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Strange Stories from a Chinese Studio vol. II (of

139 Thereupon Chi sheng became dangerously ill


[132] From a poem by Wang Wei, a noted poet of the T'ang dynasty. The second line is not given in the text.

[133] From a poem by P'an T'ang-shen, which runs:--

"Her rustic home stands by the Tung-t'ing lake. Ye who would there a pure libation pour, Look for mud walls--a roof of rushy make-- And Judas-tree in flower before the door."

The Chinese believe that the Judas-tree will only bloom where fraternal love prevails.

[134] I have already observed that men and women should not let their hands touch when passing things to each other (see No. XL., note 233); neither is it considered proper for persons of different sexes to hang their clothes on the same clothes-horse. (See _Appendix_, note 381.)

With regard to shaking hands, I have omitted to mention how hateful this custom is in the eyes of the Chinese, as in vogue among foreigners, without reference to sex. They believe that a bad man might easily secrete some noxious drug in the palm of his hand, and so convey it into the system of any woman, who would then be at his mercy.

[135] Alluding to Wang's breach of etiquette in visiting the father himself, instead of sending a go-between, who would have offered the same sum in due form as the usual dowry or present to the bride's family.

[136] Witnesses in a Chinese court of justice take no oath, in our sense of the term. Their written depositions, however, are always ended with the words "the above evidence is the truth!" In ordinary life people call heaven and earth to witness, or, as in this case, the sun; or they declare themselves willing to forfeit their lives; and so on, if their statements are not true. "Saucer-breaking" is one of those pleasant inductions from probably a single instance, which may have been the fancy of a moment; at any rate, it is quite unknown in China as a national custom. "Cock-killing" usually has reference to the ceremonies of initiation performed by the members of the numerous secret societies which exist over the length and breadth of the Empire, in spite of Government prohibitions, and the penalty of death incurred upon detection.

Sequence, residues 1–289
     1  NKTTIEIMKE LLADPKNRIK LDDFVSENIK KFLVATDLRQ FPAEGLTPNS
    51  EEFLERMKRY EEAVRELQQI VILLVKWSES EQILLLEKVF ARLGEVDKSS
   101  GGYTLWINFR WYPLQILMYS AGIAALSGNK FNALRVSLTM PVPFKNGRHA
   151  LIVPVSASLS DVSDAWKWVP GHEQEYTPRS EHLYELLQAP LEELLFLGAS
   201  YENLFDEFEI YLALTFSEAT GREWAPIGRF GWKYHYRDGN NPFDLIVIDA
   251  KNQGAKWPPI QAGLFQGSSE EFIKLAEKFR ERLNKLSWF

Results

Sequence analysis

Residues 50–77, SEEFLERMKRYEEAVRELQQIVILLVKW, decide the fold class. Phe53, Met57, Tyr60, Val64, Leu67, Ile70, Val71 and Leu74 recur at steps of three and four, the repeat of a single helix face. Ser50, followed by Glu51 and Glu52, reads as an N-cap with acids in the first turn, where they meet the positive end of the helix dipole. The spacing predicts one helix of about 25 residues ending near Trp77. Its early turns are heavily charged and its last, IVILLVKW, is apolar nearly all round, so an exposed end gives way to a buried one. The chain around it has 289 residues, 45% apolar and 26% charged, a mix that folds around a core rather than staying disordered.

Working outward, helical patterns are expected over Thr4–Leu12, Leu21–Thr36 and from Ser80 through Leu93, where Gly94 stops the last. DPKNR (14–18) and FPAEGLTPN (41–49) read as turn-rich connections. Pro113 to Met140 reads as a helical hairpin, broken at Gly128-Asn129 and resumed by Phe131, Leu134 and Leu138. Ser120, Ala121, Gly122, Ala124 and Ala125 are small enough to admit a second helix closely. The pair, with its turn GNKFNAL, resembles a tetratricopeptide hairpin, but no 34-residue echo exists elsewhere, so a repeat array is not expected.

[137] Adoption is common all over China, and is regulated by law. For instance, an adopted son excludes all the daughters of the family. A man is not allowed to marry a girl whom he has adopted until he shall have given her away to be adopted in a family of a _different surname from his own_; after which fictitious ceremony, his marriage with her becomes legal (see No. XV., note 109); for the child adopted takes the same surname as that of the family into which he is adopted, and is so far cut off from his own relations, that he would not venture even to put on mourning for his real parents without first obtaining the consent of those who had adopted him. A son or daughter may be sold, but an adopted child may not; neither may the adopted child be given away in adoption to any one else without the specific consent of his real parents. The general object in adopting children is to leave some one behind at death to look after the duties of ancestral worship. For this boys are preferred; but the _Fortunate Union_ gives an instance in which these rites were very creditably performed by the heroine of the tale.



Now Chi-sheng, or Wang Sun, was one of the cleverest young fellows in the district; and his father and mother, who had foreseen his ability from the time when, as a baby in long clothes, he distinguished them from other people, loved him very dearly. He grew up into a handsome lad; at eight or nine he could compose elegantly, and by fourteen he had already entered his name as a candidate for the first degree, after which his marriage became a question for consideration. Now his father's younger sister, Erh-niang, had married a gentleman named Cheng Tz[)u]-ch'iao, and they had a daughter called Kuei-hsiu, who was extremely pretty, and with whom Chi-sheng fell deeply in love, being soon unable either to eat or to sleep. His parents became extremely uneasy about him, and inquired what it was that ailed him; and when he told them, they at once sent off a match-maker to Mr. Cheng. The latter, however, was rather a stickler for the proprieties, and replied that the near relationship precluded him from accepting the offer.[139] Thereupon Chi-sheng became dangerously ill, and his mother, not knowing what to do, secretly tried to persuade Erh-niang to let her daughter come over to their house; but Mr. Cheng heard of it, and was so angry that Chi-sheng's father and mother gave up all hope of arranging the match.

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